Hotels in New Orleans With Balconies

by Suzanne Topham, Demand Media

    Whatever your reason for going to New Orleans, staying in the French Quarter immerses you in the city's history, charm and identity. And if you want a hotel with a balcony, the French Quarter is where you will find it, along with antiques shops along Royal Street, jazz clubs, bars where partying goes on all night along Bourbon, and dining delights to be found nowhere else at the renowned Antoine's, Galatoire's and Brennan's, along with affordable and scrumptious Cajun restaurants around nearly every corner.

    Soniat House

    In 1830, a Louisiana planter, Joseph Soniat, built two townhouses next to each other in the French Quarter so he would have a home in the city. A few years later his son built a townhouse next door. Fast forward to the last years of the 20th century, when Rodney and Frances Smith bought all three properties in the residential section of the French Quarter and combined them to make the Soniat House, named one of the best hotels in the world by Travel & Leisure in 2003. From its spiral stairway to its brick courtyard surrounded by greenery to its balconied and sumptuously furnished guest rooms in the French style, this luxury boutique hotel exudes New Orleans and all it symbolizes. Its numerous plaudits include this one from Gourmet magazine: "Gently the door swings open. Two courtly porters lead us into a stone carriageway by the light of a million flickering candles. It is the most exquisite entrance on Earth."

    Royal Sonesta New Orleans

    The Royal Sonesta New Orleans sits right in the middle of the action in the French Quarter on fabled Bourbon Street. Its nearly 500 rooms sport iron lace balconies, French doors and gabled windows, along with formal French decor. Greenery and fountains surround the courtyard's pool -- a spot of serenity on Bourbon Street. And the lobby of the Royal Sonesta isn't just a lobby -- it's the home of Irvin Mayfield's Jazz Playhouse, where you'll hear the music that made New Orleans famous, seven nights a week, with no cover charge. PJ's Coffee Bar, also in the lobby, offers up New Orleans-style coffee, tea and pastries. The Desire Oyster Bar, a street-level bistro in the hotel, can fulfill that craving for Cajun just steps from your room.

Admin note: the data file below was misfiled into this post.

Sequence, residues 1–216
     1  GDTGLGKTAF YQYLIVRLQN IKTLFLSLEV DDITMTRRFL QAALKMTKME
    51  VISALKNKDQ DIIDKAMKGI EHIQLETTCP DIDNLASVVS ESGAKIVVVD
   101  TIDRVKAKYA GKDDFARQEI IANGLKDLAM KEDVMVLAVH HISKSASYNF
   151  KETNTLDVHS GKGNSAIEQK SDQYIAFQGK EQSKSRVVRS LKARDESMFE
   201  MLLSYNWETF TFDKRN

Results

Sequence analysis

The Inn on Bourbon

    The Inn on Bourbon stands on the site of the Old French Opera House at Bourbon and Toulouse streets, in the heart of the French Quarter. Inside this medium-size hotel are newly refurbished guest rooms in New Orleans style, with French doors and balconies overlooking the street or courtyard. The Cafe de l'Opera offers up a full Southern breakfast buffet every morning, and the Puccini Bar gives you a place to land for a nightcap. The Inn on Bourbon, a Ramada Plaza hotel, puts you within walking distance of Jackson Square and Canal Street and about a mile from the Louisiana Superdome.

    Le Richelieu Hotel

    Le Richelieu, on Chartres Street in the quieter section of the French Quarter, offers an affordable alternative but still exudes charm and ambiance. Its 86 rooms were renovated in the mid-2000s in a somewhat laid-back French style; some have balconies and French doors. The Terrace Cafe serves breakfast and lunch daily, and the Terrace Lounge is open all day, from 7 a.m. to midnight. Just a pleasant reminder that this is New Orleans. A saltwater pool graces its small inner courtyard. Among its accolades is this one from Travel & Leisure: "The best quality buy in the French Quarter is Le Richelieu … a masterpiece of restoration, now a comfortable and tasteful 86-room hotel."

    About the Author

    Suzanne Topham got her first newsroom job as an editor in the '70s. She spent most of her career at the "St. Louis Post-Dispatch," where she was a copy desk chief, Page One editor, and feature writer and editor. Topham has traveled widely and has written about several of her adventures. She earned a Bachelor of Journalism from the University of Missouri.

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